What Tehran: Nest of Spies is not, is a history book. Rather it gives a playable snapshot of the city for The Day After Ragnarok in 1948, supported by a ready set of tools that help it be different from the Tehran of our 1948. Nor does it actually add a great deal to the overall setting that is The Day After Ragnarok, almost as if the Tehran after the Serpentfall exists in isolation with little regard for what happens beyond its outskirts. Arguably that is a “Concentrated Isolation,” one that echoes the mindset of the espionage world of our own twentieth century Cold War. This does not mean though, that the information in Tehran: Nest of Spies is not useful. In fact, its contents are all useful, and I can see this supplement being useful (as my friend Dave suggested) for when a GM wants to take his Cold City game on holiday from its natural home in Berlin. Which is no surprise given that Hite describes Tehran in his “Inspirations” as being Berlin’s equivalent in The Day After Ragnarok setting, it being the closest non-Soviet capital with an accessible border to the Soviet Union.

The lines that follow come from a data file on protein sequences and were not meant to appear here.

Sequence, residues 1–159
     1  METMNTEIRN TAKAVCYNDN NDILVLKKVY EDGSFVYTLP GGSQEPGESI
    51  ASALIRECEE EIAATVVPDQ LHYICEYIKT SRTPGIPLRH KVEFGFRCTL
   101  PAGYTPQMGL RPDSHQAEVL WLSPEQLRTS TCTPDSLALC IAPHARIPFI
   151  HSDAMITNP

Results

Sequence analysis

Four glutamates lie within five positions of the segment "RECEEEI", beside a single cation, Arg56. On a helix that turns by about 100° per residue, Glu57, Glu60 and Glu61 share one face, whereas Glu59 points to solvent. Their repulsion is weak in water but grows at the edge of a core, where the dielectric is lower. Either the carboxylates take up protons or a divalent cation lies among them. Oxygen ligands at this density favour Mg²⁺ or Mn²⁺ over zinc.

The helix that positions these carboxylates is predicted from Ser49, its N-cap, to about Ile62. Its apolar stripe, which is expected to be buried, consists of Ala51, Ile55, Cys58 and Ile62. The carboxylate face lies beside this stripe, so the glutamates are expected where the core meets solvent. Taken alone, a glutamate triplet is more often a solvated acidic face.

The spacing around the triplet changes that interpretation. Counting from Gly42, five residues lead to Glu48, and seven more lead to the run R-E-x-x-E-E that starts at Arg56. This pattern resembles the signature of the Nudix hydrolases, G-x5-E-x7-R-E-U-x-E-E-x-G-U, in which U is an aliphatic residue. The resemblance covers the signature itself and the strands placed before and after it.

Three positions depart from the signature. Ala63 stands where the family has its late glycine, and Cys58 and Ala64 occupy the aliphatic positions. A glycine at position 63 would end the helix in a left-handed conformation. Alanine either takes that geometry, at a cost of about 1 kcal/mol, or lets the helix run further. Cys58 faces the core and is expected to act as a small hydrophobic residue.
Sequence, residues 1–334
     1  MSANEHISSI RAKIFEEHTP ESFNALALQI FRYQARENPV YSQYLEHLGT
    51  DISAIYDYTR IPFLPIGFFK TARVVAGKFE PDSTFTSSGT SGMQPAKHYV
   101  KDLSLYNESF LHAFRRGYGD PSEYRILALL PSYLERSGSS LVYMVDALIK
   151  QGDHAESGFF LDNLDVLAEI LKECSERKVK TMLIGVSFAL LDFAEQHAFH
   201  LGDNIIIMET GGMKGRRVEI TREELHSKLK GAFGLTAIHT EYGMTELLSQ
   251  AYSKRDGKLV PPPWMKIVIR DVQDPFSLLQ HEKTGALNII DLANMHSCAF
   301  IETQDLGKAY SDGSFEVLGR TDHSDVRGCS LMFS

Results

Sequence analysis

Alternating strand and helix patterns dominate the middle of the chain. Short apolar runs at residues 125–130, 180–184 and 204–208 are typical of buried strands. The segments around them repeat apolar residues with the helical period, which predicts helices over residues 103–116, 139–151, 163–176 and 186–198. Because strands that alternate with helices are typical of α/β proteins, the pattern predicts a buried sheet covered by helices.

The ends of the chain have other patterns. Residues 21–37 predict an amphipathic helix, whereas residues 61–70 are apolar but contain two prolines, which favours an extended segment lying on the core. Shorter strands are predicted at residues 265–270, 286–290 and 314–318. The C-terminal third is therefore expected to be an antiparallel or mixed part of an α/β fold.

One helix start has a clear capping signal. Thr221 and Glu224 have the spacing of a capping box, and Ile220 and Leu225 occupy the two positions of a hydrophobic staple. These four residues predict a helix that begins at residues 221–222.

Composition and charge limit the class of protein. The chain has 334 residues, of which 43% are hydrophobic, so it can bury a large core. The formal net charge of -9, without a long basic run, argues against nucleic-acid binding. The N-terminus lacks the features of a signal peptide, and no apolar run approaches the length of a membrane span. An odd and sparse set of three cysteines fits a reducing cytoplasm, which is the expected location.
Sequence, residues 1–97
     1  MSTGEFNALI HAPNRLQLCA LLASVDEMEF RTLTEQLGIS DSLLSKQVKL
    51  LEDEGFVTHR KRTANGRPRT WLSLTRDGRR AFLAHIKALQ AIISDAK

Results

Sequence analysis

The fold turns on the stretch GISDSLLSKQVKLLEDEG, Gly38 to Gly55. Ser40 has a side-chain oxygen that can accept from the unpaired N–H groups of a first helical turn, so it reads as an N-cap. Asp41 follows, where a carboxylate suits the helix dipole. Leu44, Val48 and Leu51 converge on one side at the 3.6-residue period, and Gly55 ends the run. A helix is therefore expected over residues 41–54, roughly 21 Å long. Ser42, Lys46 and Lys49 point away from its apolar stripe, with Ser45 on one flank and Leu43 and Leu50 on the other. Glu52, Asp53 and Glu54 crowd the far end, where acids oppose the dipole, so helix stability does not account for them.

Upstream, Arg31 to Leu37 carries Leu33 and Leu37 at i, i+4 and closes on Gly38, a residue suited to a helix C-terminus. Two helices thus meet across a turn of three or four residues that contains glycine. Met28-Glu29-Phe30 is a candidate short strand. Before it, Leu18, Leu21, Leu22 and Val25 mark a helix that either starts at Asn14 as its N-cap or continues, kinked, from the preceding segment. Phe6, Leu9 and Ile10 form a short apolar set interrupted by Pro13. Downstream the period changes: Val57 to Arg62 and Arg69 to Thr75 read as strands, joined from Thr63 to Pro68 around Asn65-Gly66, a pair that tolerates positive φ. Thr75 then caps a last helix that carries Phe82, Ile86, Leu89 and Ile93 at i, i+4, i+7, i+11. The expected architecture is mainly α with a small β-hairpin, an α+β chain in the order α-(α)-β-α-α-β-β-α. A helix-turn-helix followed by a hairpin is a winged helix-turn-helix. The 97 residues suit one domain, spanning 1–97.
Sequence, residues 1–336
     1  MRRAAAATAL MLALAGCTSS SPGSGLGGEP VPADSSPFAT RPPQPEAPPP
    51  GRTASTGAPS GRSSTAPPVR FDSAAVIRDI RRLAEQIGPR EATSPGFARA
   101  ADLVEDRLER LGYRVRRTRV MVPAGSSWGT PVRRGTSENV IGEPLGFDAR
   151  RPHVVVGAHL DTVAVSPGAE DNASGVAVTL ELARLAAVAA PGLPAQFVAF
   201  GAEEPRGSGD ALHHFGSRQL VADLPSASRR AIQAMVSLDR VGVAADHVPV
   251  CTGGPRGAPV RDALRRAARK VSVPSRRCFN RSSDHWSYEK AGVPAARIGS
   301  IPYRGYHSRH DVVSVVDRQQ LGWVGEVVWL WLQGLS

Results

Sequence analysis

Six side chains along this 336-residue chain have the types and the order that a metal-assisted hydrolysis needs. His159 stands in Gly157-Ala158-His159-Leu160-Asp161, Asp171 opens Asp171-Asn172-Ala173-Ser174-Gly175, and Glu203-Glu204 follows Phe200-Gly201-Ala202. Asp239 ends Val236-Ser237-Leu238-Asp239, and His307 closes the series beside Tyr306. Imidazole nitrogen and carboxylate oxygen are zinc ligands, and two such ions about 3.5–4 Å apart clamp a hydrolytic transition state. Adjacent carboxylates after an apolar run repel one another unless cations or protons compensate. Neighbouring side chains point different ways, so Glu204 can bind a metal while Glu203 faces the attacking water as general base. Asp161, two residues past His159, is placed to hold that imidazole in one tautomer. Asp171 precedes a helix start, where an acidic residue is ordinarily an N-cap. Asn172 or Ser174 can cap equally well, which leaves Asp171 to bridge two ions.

Although Tehran makes perfect sense as the Berlin of the post-Ragnarok, it seems an odd choice given the author’s own leanings in the core setting book for the “Conan meets Mad Max” in the ravaged America of the Mayoralties. Perhaps such a setting will be the subject for the next sourcebook? As to this sourcebook, given its price and format, you are getting quite a lot for your monies with Tehran: Nest of Spies, especially as it comes with the means to use its contents in the form of the location and encounter tools or tables. Yet in terms of background, the book feels underwritten and the likelihood is that the GM is going to need access to the Lonely Planet Iran if he wants more detail. Hite though, makes Tehran: Nest of Spies a terrific little setting in which get involved in the grand intrigues, rivalries, and politics of the post-apocalyptic world of The Day After Ragnarok